One of David Peat’s initial feelings on arriving in Pari was that the village was a container, a safe haven. In essential ways the rhythms of life had changed very little over a millennium. The same families had been living there for centuries leading a traditional life, tending their vineyards and olive groves and taking care of the land.
He wrote: “When I first visited Pari, in 1994, I was struck by the rather bizarre reflection that I was somehow living in the future. The village itself was at least 800 years old and, in essential ways, the rhythms of life had changed very little over the centuries. When, in 1996, I returned to live permanently in Pari this intuition persisted: that there was something of great value in this community that could be carried into our common future.”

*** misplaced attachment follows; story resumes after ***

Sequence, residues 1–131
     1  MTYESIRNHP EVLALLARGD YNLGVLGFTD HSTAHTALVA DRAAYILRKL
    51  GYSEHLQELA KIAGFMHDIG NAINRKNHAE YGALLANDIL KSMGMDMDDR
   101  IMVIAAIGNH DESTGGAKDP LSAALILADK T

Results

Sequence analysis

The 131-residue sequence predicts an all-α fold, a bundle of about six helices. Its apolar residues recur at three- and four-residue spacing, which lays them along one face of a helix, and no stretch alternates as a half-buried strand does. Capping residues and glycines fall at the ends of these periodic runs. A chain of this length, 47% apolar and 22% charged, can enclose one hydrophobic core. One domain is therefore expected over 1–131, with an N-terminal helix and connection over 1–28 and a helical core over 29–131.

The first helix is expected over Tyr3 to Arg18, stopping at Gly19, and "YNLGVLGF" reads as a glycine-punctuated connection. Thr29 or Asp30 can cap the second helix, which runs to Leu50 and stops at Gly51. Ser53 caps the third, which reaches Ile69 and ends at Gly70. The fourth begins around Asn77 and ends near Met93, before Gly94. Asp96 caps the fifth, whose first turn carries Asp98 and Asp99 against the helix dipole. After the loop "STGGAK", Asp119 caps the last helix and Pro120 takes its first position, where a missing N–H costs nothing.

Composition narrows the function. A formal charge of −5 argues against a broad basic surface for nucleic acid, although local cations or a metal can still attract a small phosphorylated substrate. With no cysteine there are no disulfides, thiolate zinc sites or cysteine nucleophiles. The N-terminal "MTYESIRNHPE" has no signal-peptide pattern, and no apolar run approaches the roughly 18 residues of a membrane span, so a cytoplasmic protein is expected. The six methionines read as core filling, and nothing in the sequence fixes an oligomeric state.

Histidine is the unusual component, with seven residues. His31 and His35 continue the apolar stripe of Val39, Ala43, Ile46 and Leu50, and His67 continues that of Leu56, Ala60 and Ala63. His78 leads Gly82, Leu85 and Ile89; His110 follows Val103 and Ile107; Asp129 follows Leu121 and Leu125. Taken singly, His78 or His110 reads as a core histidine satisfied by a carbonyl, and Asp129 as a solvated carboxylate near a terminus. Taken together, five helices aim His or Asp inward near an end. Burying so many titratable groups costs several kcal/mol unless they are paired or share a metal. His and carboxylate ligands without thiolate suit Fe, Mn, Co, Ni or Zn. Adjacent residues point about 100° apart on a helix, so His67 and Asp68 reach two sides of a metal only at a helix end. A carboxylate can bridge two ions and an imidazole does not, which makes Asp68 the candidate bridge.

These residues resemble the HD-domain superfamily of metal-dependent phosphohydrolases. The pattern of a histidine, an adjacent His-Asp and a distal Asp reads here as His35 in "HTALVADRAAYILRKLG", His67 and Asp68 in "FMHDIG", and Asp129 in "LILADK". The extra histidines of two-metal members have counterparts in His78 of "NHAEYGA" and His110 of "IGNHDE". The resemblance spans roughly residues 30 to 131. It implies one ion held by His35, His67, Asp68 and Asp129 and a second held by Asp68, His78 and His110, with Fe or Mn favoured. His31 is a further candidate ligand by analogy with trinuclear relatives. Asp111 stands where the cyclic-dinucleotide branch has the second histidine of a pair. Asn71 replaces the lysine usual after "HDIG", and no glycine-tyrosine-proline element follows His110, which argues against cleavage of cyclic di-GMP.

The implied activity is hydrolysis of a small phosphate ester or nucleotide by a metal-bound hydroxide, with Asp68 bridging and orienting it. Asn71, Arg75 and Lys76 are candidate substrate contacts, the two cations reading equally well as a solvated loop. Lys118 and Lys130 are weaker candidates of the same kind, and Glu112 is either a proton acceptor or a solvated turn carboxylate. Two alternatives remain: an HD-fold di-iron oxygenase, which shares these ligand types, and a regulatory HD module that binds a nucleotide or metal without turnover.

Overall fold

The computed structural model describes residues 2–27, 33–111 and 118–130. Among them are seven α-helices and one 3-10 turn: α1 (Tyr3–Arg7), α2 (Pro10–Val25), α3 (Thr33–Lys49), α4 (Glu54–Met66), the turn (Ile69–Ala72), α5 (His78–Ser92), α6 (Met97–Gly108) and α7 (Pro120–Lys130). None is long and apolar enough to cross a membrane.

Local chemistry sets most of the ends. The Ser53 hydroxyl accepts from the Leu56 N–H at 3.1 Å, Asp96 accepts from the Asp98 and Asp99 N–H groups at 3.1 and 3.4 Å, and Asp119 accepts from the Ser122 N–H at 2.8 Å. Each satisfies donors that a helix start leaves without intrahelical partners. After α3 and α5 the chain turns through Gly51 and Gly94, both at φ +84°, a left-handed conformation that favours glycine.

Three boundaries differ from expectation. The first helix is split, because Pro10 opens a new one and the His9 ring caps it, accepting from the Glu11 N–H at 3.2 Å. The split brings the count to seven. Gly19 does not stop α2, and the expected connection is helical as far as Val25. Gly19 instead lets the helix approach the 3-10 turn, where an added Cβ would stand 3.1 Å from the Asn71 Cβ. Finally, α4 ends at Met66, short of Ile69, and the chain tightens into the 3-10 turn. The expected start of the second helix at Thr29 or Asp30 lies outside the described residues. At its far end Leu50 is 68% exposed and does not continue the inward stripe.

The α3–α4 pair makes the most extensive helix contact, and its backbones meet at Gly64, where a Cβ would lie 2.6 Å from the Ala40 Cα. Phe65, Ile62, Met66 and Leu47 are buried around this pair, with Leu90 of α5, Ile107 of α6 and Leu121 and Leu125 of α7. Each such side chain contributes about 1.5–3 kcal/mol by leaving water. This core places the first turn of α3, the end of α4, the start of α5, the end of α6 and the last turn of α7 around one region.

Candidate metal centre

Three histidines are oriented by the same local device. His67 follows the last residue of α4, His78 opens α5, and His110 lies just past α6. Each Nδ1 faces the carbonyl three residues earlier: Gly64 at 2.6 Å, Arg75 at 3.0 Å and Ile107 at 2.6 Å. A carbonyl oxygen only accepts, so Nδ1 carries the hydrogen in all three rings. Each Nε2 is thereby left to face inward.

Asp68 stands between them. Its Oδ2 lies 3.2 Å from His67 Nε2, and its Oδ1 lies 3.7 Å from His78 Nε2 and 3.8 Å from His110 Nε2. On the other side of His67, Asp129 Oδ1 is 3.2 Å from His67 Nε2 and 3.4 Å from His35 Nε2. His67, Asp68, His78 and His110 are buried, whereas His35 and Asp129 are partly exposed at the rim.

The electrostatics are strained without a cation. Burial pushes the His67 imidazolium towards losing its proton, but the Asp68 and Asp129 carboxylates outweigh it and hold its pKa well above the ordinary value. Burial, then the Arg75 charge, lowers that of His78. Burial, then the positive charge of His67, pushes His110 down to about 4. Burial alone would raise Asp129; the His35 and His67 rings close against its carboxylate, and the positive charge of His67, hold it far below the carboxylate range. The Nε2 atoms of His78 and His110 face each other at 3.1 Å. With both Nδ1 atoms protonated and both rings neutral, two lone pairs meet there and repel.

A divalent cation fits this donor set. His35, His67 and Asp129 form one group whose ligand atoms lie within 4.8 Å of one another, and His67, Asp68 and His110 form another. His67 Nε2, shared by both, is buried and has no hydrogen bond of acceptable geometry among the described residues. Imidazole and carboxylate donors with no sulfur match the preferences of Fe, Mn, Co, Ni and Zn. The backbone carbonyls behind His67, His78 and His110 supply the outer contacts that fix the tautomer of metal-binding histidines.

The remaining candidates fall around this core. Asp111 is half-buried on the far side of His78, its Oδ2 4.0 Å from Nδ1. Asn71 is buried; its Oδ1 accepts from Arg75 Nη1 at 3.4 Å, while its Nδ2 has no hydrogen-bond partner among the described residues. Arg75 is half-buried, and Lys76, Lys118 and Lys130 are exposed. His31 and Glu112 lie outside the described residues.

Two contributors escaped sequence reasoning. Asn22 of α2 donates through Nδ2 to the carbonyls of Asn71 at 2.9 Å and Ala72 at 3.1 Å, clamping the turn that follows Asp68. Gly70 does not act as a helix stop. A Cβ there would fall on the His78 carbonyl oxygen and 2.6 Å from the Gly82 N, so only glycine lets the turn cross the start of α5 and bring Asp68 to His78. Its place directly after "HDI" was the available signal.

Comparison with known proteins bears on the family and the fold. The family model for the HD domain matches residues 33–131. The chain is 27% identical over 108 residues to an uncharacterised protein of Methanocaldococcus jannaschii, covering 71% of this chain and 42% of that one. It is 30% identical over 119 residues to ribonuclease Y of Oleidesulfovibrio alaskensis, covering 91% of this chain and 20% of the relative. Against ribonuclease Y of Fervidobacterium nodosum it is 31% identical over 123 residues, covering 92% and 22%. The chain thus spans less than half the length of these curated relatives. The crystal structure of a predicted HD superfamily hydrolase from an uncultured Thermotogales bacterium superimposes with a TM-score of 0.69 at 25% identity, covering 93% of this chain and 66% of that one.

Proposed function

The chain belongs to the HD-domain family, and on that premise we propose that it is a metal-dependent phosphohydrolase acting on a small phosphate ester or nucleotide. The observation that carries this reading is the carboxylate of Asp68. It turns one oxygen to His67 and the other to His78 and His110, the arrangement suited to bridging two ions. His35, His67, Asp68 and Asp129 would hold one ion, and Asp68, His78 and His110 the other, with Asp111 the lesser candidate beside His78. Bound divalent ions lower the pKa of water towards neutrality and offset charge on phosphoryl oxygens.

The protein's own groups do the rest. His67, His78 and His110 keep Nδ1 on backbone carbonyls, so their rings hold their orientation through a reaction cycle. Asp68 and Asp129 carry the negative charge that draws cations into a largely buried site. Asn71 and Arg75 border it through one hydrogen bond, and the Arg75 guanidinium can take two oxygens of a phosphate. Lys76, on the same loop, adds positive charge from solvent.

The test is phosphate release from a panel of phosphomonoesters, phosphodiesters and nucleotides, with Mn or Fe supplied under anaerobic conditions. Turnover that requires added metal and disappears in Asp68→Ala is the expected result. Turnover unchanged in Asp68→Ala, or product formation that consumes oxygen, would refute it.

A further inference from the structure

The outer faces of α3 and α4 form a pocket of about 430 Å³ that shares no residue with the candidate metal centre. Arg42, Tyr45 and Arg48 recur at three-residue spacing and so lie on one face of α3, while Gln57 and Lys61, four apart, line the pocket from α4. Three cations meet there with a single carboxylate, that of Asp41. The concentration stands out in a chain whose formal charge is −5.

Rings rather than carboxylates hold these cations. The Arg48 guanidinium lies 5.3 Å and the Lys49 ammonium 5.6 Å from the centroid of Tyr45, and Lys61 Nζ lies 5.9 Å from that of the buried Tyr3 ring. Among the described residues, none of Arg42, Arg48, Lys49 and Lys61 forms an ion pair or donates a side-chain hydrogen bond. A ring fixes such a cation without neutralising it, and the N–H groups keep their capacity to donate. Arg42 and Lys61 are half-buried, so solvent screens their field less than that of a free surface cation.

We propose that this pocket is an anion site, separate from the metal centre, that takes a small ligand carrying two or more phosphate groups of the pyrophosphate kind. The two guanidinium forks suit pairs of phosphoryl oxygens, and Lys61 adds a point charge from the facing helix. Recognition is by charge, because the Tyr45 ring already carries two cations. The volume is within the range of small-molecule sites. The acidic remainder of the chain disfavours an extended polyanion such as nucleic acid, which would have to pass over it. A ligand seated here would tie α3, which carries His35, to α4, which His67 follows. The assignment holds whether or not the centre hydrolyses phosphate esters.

It struck him that the way the village had been constructed centuries ago, felt like a vessel, a round container. There was only one road leading into Pari and one main street that wound around in a complete circle. The village also felt protected by being surrounded by the Tuscan hills.